First, Inslee tells me he wanted to sic Washington State Patrol on the missing Oregon Senate Republicans if they were in his state, but adds that Oregon shouldn’t give up on climate change — and commends Gov. Kate Brown’s work performance. He says he sees other options out there. 

Inslee knows what it’s like for plans to change. Washington state had to find alternatives to a carbon tax measure rejected by voters in 2018. 

“A pricing mechanism isn’t the only game in town,” he says. “We had a pricing mechanism that didn’t pass. We didn’t give up and got back in the saddle.” 

This year, Inslee signed four clean energy bills intended to compensate for voters’ rejecting a carbon pricing mechanism.

HB 2042 intends to advance green transportation in Washington state. It makes electric cars more affordable by offering a rebate of $2,500 on new cars priced under $45,000, and $1,600 for cars under $30,000.

The law also intends to find ways to provide financing assistance so lower-income residents can buy electric cars.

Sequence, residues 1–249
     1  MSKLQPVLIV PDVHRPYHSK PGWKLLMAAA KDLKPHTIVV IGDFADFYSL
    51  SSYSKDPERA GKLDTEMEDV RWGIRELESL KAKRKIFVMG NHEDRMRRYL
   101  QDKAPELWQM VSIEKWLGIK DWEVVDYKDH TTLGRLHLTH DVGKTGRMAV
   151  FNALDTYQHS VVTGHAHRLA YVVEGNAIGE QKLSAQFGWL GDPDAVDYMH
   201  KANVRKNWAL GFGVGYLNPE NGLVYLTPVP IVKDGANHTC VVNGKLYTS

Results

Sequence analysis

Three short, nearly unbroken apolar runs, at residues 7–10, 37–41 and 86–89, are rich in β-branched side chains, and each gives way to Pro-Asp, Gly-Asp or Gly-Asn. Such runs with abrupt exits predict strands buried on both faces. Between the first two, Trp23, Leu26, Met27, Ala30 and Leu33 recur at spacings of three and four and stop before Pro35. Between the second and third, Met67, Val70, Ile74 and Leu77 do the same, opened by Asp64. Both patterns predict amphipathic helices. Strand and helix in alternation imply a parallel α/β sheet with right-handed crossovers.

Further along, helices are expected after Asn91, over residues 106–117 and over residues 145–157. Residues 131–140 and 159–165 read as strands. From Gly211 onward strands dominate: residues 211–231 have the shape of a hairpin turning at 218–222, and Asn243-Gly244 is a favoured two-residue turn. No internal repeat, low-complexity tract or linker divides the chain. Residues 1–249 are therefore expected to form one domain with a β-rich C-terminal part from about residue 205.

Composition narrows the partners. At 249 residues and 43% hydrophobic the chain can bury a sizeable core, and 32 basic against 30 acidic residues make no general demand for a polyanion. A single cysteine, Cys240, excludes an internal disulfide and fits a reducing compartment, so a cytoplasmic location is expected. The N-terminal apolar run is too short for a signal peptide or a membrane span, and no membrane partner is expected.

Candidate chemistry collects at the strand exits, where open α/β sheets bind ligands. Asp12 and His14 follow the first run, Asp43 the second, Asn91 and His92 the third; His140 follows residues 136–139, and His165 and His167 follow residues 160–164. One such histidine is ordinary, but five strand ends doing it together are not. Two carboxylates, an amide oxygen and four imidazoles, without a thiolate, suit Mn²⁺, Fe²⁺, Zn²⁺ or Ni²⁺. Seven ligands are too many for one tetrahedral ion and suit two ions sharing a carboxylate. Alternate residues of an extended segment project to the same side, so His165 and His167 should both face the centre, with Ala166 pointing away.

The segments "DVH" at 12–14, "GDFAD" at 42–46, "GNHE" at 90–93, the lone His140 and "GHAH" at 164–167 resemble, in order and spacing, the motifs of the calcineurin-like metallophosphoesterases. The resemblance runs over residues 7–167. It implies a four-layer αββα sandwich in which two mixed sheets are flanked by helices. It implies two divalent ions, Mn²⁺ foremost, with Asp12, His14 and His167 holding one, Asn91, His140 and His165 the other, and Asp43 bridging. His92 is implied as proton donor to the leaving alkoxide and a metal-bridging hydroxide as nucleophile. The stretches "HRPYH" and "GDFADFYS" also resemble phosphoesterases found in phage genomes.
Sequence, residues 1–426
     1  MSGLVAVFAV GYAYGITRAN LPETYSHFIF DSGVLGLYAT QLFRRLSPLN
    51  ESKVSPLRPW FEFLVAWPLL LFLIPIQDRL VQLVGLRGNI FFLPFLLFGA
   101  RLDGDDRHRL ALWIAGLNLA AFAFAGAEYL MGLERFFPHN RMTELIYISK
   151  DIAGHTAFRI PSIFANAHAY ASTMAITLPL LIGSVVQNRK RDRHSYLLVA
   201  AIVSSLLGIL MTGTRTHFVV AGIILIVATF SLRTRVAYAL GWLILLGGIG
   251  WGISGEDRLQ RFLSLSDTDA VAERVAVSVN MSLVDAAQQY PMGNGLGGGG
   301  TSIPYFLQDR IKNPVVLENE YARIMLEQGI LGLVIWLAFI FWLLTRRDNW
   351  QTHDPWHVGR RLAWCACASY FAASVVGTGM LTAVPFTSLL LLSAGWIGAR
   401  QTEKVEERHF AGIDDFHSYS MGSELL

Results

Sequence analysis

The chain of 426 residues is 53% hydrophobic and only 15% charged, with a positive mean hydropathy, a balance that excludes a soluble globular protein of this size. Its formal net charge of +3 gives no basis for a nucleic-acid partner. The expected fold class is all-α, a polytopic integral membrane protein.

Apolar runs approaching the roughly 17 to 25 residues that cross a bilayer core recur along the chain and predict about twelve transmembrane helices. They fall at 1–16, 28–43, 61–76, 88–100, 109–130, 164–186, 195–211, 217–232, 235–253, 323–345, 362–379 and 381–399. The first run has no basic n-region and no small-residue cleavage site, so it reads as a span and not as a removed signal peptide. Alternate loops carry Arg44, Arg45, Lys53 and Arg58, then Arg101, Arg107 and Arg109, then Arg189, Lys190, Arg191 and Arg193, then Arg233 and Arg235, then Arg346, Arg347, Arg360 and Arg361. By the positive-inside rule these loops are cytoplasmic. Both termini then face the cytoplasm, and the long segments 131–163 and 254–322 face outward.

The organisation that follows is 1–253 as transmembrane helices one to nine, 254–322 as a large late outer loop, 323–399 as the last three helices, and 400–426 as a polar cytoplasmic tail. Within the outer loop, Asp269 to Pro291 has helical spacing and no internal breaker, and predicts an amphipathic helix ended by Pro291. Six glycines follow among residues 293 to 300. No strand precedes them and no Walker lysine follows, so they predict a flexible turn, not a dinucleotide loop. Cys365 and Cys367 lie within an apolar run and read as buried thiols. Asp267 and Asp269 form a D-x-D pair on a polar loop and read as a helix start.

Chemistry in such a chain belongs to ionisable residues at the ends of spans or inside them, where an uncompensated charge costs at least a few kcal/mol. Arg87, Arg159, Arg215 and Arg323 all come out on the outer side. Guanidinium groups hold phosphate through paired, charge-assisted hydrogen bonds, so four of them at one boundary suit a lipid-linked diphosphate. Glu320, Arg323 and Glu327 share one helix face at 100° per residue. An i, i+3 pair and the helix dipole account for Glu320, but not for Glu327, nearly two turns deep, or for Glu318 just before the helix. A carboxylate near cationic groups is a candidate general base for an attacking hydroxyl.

Inslee also signed a law that Washington must be powered 100 percent by clean energy by 2045. California, Hawaii and New Mexico have similar laws, but Inslee says Washington’s law is the best in the country because it incorporates social justice values. 

Inslee adds that U.S. voters are starting to get the message about the importance of his climate change message and his commitment to take on Earth’s greatest existential crisis. The day after the first set of Democratic debates, he says, he raised the most money his campaign has received so far.  

Inslee doesn’t take credit for the increased interest in climate change. He says voters are witnessing the consequences of climate change, whether it’s the Midwest being underwater or cities like Paradise, California, burning up. Voters are paying attention. 

Breaking Down a Green Economy